According to Goodrich in his Illustrated history of Indiana (1875), a Scott County farmer ruefully said, “many are the farmers through this county who have bewailed the day when they ‘swapped’ their fine, fat, sleek horses for the worn-out, sore backed jades of the Rebels!”  The fine blooded Kentucky horses, however, which were left behind in Indiana, though worn-out, were such good stock that the breed of Indiana horses was greatly improved.

At both Henryville and Vienna the railroad depots were burned, the tracks torn up and the telegraph wires cut.  At Vienna they also burnt the water station, the turntable and a railroad bridge which spanned Pigeon Roost Creek.  All of these structures were built of wood, as was custom tin that period.  In Vienna they also robbed the stores and private homes.

According to an article in the Scott County Journal of September 1924, written by Alice Jones, Morgan’s Raiders reached Lexington on July 4, 1863.  “On the fourth of July, 1963, the little town of Lexington had arranged a celebration of the nation’s independence.”  The boys too young for the army and the few elderly citizens dragged the old brass cannon that had been presented to the county by General Charles Scott, to the eastern slope of graveyard hill and greeted the early dawn with war-like thunder until the powder ran out.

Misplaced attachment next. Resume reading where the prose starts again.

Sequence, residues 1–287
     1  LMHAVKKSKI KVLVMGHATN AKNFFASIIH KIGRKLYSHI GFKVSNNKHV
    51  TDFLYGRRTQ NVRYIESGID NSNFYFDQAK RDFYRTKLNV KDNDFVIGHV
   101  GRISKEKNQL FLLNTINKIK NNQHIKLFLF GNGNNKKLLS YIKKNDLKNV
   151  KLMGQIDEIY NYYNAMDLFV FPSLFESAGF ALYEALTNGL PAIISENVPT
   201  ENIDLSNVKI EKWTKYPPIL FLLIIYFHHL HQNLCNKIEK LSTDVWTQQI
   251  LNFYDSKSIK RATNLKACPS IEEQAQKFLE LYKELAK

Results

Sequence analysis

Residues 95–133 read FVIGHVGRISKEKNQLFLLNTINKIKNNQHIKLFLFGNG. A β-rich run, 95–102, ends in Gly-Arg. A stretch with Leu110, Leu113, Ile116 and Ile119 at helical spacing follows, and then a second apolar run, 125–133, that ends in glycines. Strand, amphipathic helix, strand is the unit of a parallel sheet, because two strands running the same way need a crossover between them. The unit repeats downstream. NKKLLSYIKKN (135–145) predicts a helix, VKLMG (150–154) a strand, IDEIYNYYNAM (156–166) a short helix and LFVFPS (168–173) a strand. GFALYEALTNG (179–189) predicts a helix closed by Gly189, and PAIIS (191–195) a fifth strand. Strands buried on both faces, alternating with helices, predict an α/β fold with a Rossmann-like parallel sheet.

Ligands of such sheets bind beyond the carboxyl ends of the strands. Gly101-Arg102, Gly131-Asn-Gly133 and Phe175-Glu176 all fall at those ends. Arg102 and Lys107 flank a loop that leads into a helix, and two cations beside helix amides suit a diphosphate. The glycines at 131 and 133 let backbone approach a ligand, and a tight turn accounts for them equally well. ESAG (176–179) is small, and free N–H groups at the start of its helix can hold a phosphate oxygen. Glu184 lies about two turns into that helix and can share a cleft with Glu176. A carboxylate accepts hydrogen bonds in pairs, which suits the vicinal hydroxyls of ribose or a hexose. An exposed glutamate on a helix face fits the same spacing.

“Beside the courthouse in the center of the public square surrounded by a grove of Locust trees a platform was set up with benches facing it.  A bench from the courthouse hall was on the platform for the speakers and prominent citizens who would be participating in the simple program.”  There was no special music for too many boys had gone over the hill to the strains of “The Girl I Left Behind Me” and the drummers and fifers had followed.

“The audience was small, consisting mostly of women.  Someone read the Declaration of Independence and a minister prayed and then introduced a Union soldier, a refugee from the South.”

“In a few simple words this soldier told what it meant to be a Union soldier below the lines and the many hardships he endured before reaching the Union army.  Sitting immediately behind him was a southern sympathizer from Kentucky who had fled north when his neighbors had made it too warm for him in neutral Kentucky, and perhaps a half of a dozen Rebel sympathizers, ‘Copperheads’ as they were called.  The soldier spoke in warm praise of Mr. Lincoln and Governor Morton and convincingly of the success of the Union Army.”